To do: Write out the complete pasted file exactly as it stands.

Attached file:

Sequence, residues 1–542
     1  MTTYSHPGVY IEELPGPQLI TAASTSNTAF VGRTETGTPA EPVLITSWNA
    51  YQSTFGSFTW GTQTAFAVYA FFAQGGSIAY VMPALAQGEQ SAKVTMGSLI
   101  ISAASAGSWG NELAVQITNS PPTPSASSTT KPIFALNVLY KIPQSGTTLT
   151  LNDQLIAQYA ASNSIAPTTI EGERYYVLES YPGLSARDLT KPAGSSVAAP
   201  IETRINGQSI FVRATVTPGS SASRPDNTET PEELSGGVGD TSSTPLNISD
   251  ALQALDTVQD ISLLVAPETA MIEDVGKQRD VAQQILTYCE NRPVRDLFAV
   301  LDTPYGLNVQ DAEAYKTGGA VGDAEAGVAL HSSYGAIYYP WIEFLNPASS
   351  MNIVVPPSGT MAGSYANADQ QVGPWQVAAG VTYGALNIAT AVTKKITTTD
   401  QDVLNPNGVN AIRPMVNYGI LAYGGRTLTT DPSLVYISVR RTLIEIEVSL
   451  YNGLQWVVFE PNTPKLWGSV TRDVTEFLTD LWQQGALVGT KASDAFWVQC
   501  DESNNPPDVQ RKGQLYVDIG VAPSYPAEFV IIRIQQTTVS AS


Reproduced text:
Sequence, residues 1–542
     1  MTTYSHPGVY IEELPGPQLI TAASTSNTAF VGRTETGTPA EPVLITSWNA
    51  YQSTFGSFTW GTQTAFAVYA FFAQGGSIAY VMPALAQGEQ SAKVTMGSLI
   101  ISAASAGSWG NELAVQITNS PPTPSASSTT KPIFALNVLY KIPQSGTTLT
   151  LNDQLIAQYA ASNSIAPTTI EGERYYVLES YPGLSARDLT KPAGSSVAAP
   201  IETRINGQSI FVRATVTPGS SASRPDNTET PEELSGGVGD TSSTPLNISD
   251  ALQALDTVQD ISLLVAPETA MIEDVGKQRD VAQQILTYCE NRPVRDLFAV
   301  LDTPYGLNVQ DAEAYKTGGA VGDAEAGVAL HSSYGAIYYP WIEFLNPASS
   351  MNIVVPPSGT MAGSYANADQ QVGPWQVAAG VTYGALNIAT AVTKKITTTD
   401  QDVLNPNGVN AIRPMVNYGI LAYGGRTLTT DPSLVYISVR RTLIEIEVSL
   451  YNGLQWVVFE PNTPKLWGSV TRDVTEFLTD LWQQGALVGT KASDAFWVQC
   501  DESNNPPDVQ RKGQLYVDIG VAPSYPAEFV IIRIQQTTVS AS